Insulin-like Growth factor-1 (IGF-1) is a prohibited substance on the World Anti-Doping Agency (WADA) Prohibited List. It is included in the class of peptide hormones, growth factors and related substances. IGF-1 is produced in response to physiological or pharmaceutical growth hormone (GH), and is responsible for many of the anabolic effects of GH. It can enhance the production of lean muscle as well as aid in recovery time, but when used without medical necessity, exogenous IGF-1 can cause serious harm.
The WADA Prohibited List bans the use of exogenous IGF-1 at all times, both in-competition and out-of-competition. All forms of exogenous IGF-1 are prohibited at all times, and any substance containing any form of exogenous IGF-1 should be considered prohibited. For a substance or method to be included on the WADA Prohibited List, the substance or method must meet any two of the following three criteria:
1) It has the potential to enhance or enhances sport performance
2) It represents and actual or potential health risk to the athlete
3) It violates the spirit of sport
Although the effects of IGF-1 are well examined, the distribution and utilization for its proper medical use in humans in the pharmaceutical market is extremely limited. As a result, the potential for harm and misuse is very high.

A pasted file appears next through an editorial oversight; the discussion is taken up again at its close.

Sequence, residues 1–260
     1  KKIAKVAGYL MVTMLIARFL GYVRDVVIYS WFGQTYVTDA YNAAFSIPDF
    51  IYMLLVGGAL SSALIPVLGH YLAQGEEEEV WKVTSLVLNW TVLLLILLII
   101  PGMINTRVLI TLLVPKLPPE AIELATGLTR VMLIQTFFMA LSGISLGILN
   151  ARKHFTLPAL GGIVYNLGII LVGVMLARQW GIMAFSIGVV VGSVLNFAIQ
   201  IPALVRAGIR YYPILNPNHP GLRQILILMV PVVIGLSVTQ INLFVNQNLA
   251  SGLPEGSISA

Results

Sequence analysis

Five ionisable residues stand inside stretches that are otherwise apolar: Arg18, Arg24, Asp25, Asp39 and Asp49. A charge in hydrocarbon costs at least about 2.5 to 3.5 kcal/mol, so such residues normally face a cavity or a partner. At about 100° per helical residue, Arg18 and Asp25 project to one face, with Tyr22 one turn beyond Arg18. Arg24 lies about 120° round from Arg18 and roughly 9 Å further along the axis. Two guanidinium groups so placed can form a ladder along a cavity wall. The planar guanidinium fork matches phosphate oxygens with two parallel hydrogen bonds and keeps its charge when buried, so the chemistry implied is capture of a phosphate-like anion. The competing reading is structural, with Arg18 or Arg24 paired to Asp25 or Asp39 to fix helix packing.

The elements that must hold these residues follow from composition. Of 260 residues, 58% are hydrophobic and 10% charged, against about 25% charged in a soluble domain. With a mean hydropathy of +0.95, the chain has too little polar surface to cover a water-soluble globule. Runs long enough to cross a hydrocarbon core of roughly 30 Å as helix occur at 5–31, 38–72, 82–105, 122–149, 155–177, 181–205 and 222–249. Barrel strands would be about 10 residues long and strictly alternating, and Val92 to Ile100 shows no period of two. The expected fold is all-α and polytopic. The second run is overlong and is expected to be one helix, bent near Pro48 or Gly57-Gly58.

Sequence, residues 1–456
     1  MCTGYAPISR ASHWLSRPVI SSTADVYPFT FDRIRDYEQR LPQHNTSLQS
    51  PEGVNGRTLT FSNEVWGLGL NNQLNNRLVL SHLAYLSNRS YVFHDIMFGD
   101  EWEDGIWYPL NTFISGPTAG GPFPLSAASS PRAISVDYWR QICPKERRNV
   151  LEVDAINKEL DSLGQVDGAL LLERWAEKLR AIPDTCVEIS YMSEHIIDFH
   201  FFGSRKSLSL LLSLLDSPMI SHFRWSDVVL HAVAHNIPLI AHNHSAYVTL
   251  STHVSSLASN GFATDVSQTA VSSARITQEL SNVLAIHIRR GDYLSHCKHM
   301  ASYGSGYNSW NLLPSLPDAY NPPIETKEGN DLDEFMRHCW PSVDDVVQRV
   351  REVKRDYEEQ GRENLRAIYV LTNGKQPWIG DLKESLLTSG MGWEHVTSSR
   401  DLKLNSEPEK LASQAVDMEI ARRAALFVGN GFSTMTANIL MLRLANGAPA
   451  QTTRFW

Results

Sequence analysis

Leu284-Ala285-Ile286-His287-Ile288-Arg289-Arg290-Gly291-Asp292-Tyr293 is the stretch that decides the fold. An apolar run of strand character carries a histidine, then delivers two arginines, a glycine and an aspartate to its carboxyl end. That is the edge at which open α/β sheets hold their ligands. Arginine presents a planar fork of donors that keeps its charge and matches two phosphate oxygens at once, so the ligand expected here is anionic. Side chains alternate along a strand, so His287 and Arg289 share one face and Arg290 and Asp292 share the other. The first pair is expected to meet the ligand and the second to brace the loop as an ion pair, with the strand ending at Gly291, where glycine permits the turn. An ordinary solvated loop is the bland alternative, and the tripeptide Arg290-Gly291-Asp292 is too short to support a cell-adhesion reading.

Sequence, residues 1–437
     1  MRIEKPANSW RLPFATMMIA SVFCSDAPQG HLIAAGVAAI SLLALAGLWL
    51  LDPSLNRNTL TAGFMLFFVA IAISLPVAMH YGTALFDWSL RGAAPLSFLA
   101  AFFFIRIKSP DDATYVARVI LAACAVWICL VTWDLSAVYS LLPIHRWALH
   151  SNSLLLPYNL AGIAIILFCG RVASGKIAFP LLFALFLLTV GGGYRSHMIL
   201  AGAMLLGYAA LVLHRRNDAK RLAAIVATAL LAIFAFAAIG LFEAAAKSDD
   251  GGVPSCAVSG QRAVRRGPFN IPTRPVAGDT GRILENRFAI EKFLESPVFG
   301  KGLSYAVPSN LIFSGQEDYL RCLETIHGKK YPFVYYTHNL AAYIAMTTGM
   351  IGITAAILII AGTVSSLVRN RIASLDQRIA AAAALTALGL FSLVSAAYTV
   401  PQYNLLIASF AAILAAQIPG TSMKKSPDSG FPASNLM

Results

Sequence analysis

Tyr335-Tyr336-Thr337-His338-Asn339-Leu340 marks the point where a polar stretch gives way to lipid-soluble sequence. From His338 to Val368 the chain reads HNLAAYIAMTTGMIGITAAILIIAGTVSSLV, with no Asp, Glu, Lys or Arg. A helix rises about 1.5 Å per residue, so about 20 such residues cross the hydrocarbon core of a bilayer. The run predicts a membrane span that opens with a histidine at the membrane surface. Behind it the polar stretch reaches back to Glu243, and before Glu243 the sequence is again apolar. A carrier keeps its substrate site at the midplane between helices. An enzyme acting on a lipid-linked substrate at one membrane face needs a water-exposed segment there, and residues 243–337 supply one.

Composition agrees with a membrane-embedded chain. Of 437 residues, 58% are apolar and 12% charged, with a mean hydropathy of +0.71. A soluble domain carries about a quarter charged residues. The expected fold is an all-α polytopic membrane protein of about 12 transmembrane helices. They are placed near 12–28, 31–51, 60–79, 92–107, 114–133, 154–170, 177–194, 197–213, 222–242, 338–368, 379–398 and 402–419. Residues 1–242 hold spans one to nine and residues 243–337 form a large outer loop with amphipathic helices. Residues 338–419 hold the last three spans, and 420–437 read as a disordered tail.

Despite the purported effects on athletic performance, serious health risks are associated with a healthy individual abusing IGF-1. Similar to GH abuse, acromegaly, a long-term condition in which the body tissues get larger over time, as well as non-reversible side effects to the heart, joints, and liver may occur.
Unlike anabolic steroids or other more easily detected substances, hormones, growth factors and related substances like hGH and IGF-1, which mimic hormones naturally produced in the body, provide a more difficult challenge to detect.
While IGF-1 can be identified in urine, there is no current criterion for detecting abuse in this way. The concentration of IGF-1 in blood is used as one factor in the biomarker test for GH abuse. Anti-doping authorities can successfully monitor an athlete’s use of this class of substances by examining an athlete’s blood profile over-time. This process of longitudinal data collection, commonly referred to in sport as the biological passport, looks for variations of an individual athlete’s biomarkers to determine the likelihood of doping.
Exogenous IGF-1 should only be used when it is medically necessary and is done under the care of a physician. Pharmaceutical grade IGF-1 are not widely available and as a result, it should be noted that products claiming to contain IGF-1, may not actually contain IGF-1 at all, or may contain a very diluted form of the substance, or other potentially harmful substances. However, consistent with the WADA Code, if an athlete intentionally seeks to enhance their performance with a prohibited substance or method, this may result in an anti-doping rule violation.